It can turn into a series of conversations where couples start unpacking aspects of sexuality, eroticism, values, um, sexual desires that they weren’t really talking about. Before the affair that can be very productive. Um, perhaps they weren’t really, uh, creating intentionally a sexual relationship together prior to having this experience weren’t talking about sexuality is.

Many couples don’t, but they also weren’t doing the kinds of things together that really led to a satisfying, um, exciting, erotic sexual relationship for both of them. So there can be an opportunity to start having those conversations that going forward, you know, what. We are actually having a lot more fun together than maybe we did in the past.

Um, it can potentially not always open the door to conversations around ethical non-no non-monogamy and what that might look like in a relationship. It’s a very important to. Talking and thinking about whether or not that is actually something that each of you want conversations around non monogamy can feel like a really convenient way for somebody who does actually want to have sex with other people to thread the needle of being able to do that and also maintain a relationship with their primary person.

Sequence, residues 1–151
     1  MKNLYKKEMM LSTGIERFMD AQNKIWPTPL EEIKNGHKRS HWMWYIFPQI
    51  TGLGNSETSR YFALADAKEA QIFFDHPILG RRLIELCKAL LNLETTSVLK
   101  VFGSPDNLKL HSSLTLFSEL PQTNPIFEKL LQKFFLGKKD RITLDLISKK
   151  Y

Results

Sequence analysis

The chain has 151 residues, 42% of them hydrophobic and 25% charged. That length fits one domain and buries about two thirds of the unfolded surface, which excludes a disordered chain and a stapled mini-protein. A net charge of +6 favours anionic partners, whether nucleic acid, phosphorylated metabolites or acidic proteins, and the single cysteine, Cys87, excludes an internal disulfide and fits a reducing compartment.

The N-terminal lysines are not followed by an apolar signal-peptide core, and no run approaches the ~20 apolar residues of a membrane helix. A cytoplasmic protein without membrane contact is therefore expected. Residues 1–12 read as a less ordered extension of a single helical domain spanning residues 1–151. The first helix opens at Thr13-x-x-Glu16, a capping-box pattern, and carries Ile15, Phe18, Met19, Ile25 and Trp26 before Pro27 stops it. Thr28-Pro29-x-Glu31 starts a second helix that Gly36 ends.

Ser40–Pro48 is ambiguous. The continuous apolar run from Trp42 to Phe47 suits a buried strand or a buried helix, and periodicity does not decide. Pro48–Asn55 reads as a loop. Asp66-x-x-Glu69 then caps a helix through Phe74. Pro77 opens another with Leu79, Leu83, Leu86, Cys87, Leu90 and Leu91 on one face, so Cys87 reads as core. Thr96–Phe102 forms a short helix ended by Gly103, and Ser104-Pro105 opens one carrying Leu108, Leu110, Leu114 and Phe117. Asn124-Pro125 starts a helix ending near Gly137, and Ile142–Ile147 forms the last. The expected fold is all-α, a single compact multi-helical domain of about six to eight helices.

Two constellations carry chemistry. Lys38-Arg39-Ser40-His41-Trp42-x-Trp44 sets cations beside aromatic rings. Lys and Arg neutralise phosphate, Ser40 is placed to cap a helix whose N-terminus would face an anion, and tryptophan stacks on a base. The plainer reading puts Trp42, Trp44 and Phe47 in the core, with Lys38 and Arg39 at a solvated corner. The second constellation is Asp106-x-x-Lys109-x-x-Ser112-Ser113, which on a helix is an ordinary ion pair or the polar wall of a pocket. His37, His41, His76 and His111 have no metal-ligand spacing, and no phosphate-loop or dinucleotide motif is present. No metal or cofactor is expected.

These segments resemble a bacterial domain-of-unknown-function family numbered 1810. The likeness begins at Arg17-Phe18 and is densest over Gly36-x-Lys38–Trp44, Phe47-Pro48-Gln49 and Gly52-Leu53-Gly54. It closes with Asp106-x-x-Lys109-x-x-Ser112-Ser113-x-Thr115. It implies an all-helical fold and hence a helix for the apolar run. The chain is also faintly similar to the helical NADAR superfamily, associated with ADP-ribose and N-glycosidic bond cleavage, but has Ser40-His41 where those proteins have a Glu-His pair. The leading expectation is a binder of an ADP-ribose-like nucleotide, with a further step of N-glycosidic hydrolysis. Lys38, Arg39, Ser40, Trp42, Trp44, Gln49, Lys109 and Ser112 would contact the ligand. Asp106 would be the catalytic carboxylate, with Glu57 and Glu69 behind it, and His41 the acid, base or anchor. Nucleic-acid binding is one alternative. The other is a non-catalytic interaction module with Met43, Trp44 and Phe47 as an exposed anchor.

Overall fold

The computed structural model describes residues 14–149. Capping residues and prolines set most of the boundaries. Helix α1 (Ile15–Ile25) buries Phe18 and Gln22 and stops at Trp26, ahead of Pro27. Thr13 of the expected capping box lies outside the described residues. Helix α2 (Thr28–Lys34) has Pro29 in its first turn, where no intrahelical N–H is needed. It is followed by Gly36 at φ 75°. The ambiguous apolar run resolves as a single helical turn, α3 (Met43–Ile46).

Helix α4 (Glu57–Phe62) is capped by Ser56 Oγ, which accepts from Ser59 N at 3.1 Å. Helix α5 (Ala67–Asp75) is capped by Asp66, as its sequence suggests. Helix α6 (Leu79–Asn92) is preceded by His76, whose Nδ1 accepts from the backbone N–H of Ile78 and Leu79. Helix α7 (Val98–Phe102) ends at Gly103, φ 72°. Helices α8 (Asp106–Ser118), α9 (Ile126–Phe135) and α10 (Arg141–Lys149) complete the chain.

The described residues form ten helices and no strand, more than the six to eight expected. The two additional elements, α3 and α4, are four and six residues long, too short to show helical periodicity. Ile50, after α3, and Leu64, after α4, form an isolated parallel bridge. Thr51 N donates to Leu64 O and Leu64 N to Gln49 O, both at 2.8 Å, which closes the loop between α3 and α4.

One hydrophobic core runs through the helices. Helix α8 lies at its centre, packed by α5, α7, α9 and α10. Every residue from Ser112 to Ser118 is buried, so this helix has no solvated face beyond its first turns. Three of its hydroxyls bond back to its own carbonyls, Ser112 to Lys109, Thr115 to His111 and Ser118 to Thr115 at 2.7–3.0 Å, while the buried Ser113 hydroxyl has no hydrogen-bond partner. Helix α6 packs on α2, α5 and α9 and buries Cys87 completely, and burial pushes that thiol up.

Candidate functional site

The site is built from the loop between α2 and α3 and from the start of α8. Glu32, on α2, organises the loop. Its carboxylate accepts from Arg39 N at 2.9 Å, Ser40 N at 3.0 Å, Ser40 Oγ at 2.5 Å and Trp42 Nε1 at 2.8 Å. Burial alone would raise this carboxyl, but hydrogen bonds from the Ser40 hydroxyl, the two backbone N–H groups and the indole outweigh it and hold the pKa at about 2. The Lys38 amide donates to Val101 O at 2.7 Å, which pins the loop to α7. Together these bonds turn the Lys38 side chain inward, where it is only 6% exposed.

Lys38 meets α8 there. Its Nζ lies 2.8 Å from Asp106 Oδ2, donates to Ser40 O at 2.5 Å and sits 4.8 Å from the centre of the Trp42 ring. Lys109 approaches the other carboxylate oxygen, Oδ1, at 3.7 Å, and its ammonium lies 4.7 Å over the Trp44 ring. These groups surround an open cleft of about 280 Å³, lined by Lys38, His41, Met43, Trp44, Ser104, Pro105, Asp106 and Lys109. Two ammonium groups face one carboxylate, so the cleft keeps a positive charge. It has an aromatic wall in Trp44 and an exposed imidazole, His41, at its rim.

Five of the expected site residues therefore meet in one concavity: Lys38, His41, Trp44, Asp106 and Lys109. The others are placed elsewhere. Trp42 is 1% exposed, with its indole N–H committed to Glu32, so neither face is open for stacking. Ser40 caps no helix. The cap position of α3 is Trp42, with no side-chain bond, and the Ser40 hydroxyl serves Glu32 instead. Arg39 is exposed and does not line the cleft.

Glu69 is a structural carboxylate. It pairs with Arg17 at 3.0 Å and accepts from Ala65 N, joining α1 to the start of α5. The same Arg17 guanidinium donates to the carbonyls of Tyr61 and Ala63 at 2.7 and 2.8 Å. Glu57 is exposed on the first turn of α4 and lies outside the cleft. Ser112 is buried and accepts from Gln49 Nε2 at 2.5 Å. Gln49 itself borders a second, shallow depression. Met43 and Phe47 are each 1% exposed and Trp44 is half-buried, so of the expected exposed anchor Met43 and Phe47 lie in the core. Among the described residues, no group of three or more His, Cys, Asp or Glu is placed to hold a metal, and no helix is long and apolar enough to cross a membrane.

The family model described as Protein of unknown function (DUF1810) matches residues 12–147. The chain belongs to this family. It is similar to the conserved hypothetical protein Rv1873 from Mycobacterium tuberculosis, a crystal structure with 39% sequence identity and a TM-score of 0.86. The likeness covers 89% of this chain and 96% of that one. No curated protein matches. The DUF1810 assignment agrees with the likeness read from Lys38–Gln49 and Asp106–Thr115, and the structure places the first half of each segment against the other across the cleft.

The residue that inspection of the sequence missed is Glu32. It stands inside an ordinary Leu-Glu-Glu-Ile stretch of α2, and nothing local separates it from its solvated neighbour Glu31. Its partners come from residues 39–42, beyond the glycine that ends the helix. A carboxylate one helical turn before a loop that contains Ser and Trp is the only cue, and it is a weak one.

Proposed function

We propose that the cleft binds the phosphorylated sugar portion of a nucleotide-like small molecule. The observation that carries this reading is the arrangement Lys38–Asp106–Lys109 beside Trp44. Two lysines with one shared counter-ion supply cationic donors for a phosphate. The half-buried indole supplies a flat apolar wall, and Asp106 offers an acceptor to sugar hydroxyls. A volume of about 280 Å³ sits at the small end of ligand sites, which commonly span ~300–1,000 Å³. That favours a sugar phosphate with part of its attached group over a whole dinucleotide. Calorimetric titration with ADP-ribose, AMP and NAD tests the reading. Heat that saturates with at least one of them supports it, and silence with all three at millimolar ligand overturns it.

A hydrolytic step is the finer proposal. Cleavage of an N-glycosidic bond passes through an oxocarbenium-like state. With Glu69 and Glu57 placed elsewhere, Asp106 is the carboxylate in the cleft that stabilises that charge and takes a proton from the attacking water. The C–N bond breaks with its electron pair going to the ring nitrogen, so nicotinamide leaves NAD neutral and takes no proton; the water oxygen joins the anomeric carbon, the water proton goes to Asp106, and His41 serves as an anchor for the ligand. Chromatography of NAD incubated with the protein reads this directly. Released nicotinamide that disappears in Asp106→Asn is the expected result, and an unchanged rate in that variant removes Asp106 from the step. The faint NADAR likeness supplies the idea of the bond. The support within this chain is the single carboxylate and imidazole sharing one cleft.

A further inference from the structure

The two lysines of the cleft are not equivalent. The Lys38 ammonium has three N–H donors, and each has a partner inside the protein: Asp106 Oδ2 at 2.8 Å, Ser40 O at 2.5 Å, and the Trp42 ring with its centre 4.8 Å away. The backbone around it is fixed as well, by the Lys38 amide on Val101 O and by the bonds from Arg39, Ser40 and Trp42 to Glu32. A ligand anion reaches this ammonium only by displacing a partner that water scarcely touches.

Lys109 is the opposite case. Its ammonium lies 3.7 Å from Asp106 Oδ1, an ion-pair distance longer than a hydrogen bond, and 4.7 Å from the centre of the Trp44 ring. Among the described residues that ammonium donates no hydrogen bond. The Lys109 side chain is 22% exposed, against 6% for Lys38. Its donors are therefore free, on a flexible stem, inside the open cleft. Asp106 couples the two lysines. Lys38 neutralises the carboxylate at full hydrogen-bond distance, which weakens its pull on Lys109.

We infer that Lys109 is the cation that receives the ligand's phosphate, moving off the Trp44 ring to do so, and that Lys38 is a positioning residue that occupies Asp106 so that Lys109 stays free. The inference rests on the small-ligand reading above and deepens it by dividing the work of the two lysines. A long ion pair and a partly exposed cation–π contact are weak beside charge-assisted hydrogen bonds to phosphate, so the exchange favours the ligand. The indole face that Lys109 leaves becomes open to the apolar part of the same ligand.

Um, it’s really important for, uh, you know, somebody who has been cheated on to be doing a lot of soul searching around whether or not that kind of lifestyle is even remote. Interesting to you and being okay with saying no, if it’s not, but having open conversations around if I want a monogamous relationship and you really don’t want a monogamous relationship, what does that mean for us?

We’ve done so much work kind of healing and restoring our connection and, you know, that all feels good, but like long term, are we on a compatible life trajectory? If we really want a different life experience related to monogamy, ideally, you know, we’re having those conversations in, in a once we’re in a good place, right?

The anger is. It’s been worked through. It’s not a hurtful place. It’s more of like a, how would we each like to spend the next 30 years of our lives and what is actually best for each of us? And let’s have a values based, authentic, healthy, constructive conversation about that so that we can, you know, make, make some choices together because I don’t want to live through that again with you cheating on me.